U.S. government standards appear to be designed to enable spying by the National Security Agency. According to a National Institute of Standards and Technology (NIST) panel, there are widely used coding formulas that should be jettisoned.
The panel was commissioned by the NIST after a required formula, called Dual Elliptic Curve, had a back door which was being used as a Trojan horse for the NSA. The National Institute of Standards and Technology (NIST) has been legally required to consult with the NSAâ€™s defensive experts in approving them and other cryptography standards.
NIST discontinued that formula, called Dual Elliptic Curve, and asked its external advisory board and a special panel of experts to make recommendations that were published on Monday alongside more biting conclusions by the individual experts. As a whole, the panels recommended that NIST review its obligation to confer with the NSA and seek legal changes â€śwhere it hinders its ability to independently develop the best cryptographic standards to serve not only the United States government but the broader community.â€ť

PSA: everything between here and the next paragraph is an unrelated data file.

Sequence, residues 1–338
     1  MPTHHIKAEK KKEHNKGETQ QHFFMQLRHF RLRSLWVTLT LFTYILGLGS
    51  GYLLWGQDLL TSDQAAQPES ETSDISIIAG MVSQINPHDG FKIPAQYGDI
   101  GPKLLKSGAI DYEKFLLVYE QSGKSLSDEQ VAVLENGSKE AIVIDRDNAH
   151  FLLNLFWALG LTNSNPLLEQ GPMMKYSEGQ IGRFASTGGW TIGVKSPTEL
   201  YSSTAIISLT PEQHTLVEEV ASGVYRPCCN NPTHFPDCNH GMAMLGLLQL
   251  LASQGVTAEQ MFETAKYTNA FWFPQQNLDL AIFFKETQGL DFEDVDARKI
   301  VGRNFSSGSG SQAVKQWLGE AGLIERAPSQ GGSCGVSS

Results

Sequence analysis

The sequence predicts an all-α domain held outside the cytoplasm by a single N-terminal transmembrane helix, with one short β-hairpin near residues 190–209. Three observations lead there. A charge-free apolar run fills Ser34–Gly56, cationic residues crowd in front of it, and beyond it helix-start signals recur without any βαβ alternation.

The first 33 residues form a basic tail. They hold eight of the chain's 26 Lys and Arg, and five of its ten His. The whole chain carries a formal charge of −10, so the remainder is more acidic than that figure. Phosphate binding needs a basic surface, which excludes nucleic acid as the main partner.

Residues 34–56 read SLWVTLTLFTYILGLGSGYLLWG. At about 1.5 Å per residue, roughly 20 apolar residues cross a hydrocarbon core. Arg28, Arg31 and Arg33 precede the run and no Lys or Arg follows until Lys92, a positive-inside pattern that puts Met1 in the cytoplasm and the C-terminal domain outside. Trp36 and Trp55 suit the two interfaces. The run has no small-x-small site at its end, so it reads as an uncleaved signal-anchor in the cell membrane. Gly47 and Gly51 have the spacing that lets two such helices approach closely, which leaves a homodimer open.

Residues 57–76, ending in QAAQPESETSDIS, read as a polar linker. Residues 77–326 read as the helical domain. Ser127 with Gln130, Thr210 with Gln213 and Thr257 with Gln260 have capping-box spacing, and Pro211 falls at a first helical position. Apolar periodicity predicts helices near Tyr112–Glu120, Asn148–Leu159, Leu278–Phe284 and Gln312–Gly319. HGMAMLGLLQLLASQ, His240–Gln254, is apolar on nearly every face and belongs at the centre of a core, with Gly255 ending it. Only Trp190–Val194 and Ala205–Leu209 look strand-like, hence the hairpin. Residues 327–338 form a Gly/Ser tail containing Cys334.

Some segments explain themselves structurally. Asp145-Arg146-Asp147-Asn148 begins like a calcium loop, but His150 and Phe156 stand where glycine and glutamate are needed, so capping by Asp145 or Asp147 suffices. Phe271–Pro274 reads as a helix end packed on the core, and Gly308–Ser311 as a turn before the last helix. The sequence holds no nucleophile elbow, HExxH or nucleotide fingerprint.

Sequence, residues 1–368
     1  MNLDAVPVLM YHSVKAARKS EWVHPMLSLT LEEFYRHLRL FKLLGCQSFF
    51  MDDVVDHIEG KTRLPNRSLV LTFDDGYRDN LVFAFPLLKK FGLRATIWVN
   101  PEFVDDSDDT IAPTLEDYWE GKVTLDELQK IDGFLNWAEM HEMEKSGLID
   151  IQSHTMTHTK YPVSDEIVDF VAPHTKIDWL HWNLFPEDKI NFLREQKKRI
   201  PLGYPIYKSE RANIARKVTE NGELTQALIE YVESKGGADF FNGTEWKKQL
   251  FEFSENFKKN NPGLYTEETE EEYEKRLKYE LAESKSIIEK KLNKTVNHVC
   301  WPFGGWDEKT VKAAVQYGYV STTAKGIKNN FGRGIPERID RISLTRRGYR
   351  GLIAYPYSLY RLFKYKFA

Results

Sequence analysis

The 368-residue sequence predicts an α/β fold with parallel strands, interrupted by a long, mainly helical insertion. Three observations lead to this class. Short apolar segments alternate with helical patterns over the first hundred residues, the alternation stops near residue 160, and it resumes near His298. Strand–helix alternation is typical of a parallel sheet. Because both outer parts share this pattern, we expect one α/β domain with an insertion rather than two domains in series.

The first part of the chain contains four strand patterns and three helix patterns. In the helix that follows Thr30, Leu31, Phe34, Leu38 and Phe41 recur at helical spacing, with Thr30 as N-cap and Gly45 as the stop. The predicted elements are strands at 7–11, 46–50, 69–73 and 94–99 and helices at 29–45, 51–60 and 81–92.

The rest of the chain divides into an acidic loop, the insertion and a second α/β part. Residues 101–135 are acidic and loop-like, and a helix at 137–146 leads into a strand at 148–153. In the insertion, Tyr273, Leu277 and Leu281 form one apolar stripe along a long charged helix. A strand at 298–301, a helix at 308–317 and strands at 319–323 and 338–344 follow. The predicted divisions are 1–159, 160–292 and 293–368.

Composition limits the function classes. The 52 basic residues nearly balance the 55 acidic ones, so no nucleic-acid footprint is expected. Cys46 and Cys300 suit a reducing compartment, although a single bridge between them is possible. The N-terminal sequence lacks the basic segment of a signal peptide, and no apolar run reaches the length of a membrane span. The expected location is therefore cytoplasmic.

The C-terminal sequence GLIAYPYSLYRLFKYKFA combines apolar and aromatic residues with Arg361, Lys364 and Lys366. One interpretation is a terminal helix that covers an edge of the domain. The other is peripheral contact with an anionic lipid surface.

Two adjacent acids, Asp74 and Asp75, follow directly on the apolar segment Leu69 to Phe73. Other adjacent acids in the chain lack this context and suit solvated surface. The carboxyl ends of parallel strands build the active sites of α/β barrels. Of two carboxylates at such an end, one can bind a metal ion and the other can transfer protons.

It asked the NIST to weigh the advice of individual task force members who made more dramatic suggestions, such as calling for the replacement of a larger set of curves approved for authenticating users, in part because they were selected through unclear means by the NSA.